The Small Business in Transportation Coalition (Truckers.com) Endorses the ‘‘Small Carrier Electronic Logging Device Exemption Act of 2018’’ (HR 5948) Bill

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Transportation industry trade group (Truckers.com) representing small motor carriers and independent truckers applauds proposed legislation that would exempt the smallest players from the electronic logging device mandate.

It is no secret that the real purpose of the ELD Mandate is to attack small business carriers by "driving" up their costs, costs that can easily be absorbed by the large and mega carriers but are burdensome on the smallest businesses. --James Lamb, SBTC President

The Small Business in Transportation Coalition (SBTC), a 501(c)(6) non-profit transportation industry trade group, has announced it has endorsed the proposed ‘‘Small Carrier Electronic Logging Device Exemption Act of 2018’’ (HR 5948), a bill introduced into the U.S. House of Representatives last week that would relieve up to 90% of the trucking industry from the new Electronic Logging Device (ELD) mandate imposed in December 2017 by the Federal Motor Carrier Safety Administration (FMCSA), an agency of the United States Department of Transportation (USDOT), the group's spokesman and president, James Lamb (@JamesPLamb), said today. The bill exempts motor carriers that own or operate 10 trucks or less.

According to a May 23, 2018 press release issued by the office of Congressman Greg Gianforte (R-MT), Mr. Gianforte and Representative Collin Peterson (D-MN) have introduced the bipartisan legislation to help remove the burden of electronic logs and enable small motor carriers and independent truckers to revert back to paper logs to track their hours of service. According to Federal Regulations codified at 49 CFR Part 395, truck drivers cannot drive more than 11 hours following 10 consecutive off duty hours. Interstate truck drivers around the country have been protesting the new regulation for six months citing the additional cost, unreliability of the new technology, and driver privacy concerns, Lamb said. "As many seasoned interstate drivers have left trucking over the ELD mandate, and the industry cannot replace them fast enough, the supply chain is being adversely affected. As shipping costs rise, consumers should prepare for higher prices," Lamb asserted.

According to the truckers.com website, the SBTC filed a class exemption application with FMCSA seeking to exempt motor carriers with 50 or less employees on November 20, 2017. That application was later supplemented at the request of FMCSA on February 1, 2018. According to Lamb, the SBTC has filed a "comment" with the U.S. Small Business Administration's Ombudsman asking for help dealing with the FMCSA, pointing to how the agency is required to publish the application in the Federal Register "upon receipt" under Federal Law, which states:

"49 U.S. Code § 31315 - Waivers, exemptions, and pilot programs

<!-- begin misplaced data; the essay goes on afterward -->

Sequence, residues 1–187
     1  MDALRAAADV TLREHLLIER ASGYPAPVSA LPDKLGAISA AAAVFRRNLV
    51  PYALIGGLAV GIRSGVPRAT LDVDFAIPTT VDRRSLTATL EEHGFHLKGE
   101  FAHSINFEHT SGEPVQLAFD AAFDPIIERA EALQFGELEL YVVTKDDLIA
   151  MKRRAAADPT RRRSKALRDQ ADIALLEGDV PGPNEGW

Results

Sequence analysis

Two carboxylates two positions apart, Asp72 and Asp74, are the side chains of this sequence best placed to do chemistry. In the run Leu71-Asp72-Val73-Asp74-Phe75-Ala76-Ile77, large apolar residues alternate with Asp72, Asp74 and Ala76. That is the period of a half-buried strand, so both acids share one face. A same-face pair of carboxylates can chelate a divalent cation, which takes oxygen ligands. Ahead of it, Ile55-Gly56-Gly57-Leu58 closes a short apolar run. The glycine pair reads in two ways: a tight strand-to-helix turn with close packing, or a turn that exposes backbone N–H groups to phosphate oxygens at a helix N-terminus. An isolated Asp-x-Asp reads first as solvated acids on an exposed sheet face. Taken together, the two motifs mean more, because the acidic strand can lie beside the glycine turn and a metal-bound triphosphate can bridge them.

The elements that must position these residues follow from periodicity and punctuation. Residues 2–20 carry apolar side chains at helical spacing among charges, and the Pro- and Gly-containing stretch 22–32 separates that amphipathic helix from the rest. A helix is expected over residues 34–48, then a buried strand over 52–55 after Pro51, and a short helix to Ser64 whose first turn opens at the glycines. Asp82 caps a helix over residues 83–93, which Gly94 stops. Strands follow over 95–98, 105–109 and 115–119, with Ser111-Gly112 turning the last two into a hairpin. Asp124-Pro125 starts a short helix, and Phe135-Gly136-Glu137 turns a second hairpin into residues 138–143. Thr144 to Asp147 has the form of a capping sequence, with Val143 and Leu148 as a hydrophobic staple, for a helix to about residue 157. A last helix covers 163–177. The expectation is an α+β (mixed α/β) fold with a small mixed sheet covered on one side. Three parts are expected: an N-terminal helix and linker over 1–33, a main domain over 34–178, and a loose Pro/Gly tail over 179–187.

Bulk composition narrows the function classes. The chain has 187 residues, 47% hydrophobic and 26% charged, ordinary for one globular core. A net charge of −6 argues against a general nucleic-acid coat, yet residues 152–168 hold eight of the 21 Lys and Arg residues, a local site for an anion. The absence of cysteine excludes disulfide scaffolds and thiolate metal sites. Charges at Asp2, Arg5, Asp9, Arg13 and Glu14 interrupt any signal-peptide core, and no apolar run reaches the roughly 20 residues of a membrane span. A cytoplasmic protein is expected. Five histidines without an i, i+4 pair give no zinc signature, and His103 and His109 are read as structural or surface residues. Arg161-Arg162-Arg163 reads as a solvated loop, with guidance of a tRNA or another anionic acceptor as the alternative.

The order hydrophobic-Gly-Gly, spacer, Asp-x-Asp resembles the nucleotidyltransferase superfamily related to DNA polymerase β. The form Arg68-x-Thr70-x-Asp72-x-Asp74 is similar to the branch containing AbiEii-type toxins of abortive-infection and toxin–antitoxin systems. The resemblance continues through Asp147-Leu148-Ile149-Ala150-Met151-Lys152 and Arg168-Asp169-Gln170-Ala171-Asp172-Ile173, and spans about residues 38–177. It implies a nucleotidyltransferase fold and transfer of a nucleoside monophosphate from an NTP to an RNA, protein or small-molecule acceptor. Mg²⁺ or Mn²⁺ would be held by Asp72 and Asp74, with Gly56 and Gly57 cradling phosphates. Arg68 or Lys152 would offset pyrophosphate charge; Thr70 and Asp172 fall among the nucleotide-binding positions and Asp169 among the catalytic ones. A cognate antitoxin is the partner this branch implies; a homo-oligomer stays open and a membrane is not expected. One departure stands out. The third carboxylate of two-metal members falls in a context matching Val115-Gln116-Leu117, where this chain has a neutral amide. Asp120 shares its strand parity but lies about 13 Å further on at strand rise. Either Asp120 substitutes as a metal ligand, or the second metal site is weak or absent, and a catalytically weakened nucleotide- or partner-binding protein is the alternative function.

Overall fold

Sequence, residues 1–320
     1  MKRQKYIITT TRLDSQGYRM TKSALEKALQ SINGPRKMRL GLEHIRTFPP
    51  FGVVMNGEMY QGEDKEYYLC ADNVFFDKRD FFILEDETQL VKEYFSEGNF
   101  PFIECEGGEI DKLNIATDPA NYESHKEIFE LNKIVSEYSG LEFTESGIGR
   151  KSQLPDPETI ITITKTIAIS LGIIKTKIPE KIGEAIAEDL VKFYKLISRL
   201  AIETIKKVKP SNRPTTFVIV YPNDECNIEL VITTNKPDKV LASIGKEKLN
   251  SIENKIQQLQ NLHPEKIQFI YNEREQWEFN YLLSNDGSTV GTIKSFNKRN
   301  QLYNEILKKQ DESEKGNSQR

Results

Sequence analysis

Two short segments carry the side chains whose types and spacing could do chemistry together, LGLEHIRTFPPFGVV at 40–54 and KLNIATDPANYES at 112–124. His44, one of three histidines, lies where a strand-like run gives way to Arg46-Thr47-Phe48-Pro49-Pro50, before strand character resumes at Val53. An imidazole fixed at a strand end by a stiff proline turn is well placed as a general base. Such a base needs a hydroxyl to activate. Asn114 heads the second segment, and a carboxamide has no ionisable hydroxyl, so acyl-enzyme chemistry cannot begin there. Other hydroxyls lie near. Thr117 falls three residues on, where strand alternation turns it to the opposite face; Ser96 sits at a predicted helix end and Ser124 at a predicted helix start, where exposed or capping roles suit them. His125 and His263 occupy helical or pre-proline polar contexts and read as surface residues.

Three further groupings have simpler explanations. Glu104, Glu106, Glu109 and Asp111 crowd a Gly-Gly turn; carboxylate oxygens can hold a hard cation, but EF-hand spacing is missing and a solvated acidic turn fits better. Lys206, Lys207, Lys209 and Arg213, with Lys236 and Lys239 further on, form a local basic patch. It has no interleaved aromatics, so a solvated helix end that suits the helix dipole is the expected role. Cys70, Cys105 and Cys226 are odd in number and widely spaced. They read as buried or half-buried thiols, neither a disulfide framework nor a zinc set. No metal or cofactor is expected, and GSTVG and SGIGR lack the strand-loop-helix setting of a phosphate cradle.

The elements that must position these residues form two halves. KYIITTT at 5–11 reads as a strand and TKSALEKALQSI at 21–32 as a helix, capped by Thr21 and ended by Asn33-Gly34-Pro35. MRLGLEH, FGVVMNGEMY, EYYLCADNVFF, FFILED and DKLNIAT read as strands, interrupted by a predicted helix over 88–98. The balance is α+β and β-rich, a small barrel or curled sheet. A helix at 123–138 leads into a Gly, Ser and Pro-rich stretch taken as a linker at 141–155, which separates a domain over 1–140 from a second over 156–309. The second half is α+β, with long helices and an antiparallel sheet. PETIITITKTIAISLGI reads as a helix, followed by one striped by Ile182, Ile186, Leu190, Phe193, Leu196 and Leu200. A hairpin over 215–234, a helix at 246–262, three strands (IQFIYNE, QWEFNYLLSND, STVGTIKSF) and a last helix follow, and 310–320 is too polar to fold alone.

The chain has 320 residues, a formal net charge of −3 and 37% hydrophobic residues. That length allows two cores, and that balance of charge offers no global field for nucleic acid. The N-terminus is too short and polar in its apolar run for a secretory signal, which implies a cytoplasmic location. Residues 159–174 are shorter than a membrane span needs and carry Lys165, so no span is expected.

(6)Notice and comment.—
(A)Upon receipt of a request.—
Upon receipt of an exemption request, the Secretary shall publish in the Federal Register (or, in the case of a request for an exemption from the physical qualification standards for commercial motor vehicle drivers, post on a web site established by the Secretary to implement the requirements of section 31149) a notice explaining the request that has been filed and shall give the public an opportunity to inspect the safety analysis and any other relevant information known to the Secretary and to comment on the request. This subparagraph does not require the release of information protected by law from public disclosure (emphases added)."

Lamb said he argues in the SBA Comment that FMCSA has not published the application in over six months and skirted the impact of the ELD rule on the smallest players during rulemaking, lumping one man trucking operations into the same category as $28 million motor carrier operations. He said the SBTC's 14,000 dues-paying membership welcomes the new legislation as a means to override the SBTC's exemption attempts at the administrative agency level as a matter of law.

"It is no secret that the real purpose of the ELD Mandate is to attack small business carriers by "driving" up their costs, costs that can easily be absorbed by the large and mega carriers but are burdensome on the smallest businesses. What boggles the mind is that the FMCSA, in its infinite wisdom, has created a regulatory scheme that ignores a Congressional mandate in the 2012 Moving Ahead for Progress in the 21st Century Act for FMCSA to establish certification criteria and allows ELD manufacturers to simply "self-certify" their products in furtherance of a program that was created to prevent drivers from self-certifying their compliance with hours of service regulations. That's a lazy short cut. And to suggest that ELD manufacturers are more responsible and trustworthy to self certify than truckers is absurd and downright insulting," Lamb said.

Lamb said the SBTC's registered lobbyist, Laurence Socci of Influence Strategies @Influenstrategy, met with the Honorable Collin Peterson's staff last week to recommend amended bill language to better define a commercial motor vehicle as a self-propelled power unit for the purpose of qualifying for the exemption so that 10 trucks do not become 5. "Otherwise, FMCSA will count trailers as one of the 10 trucks and we are left with an exemption that applies to only 5 tractor-trailers," Lamb said.

For more about Lamb, the SBTC and its issues, click here.

Small Business in Transportation Coalition
1775 I. (Eye) Street, NW, Suite 1150
Washington, DC 20006
@theSBTC

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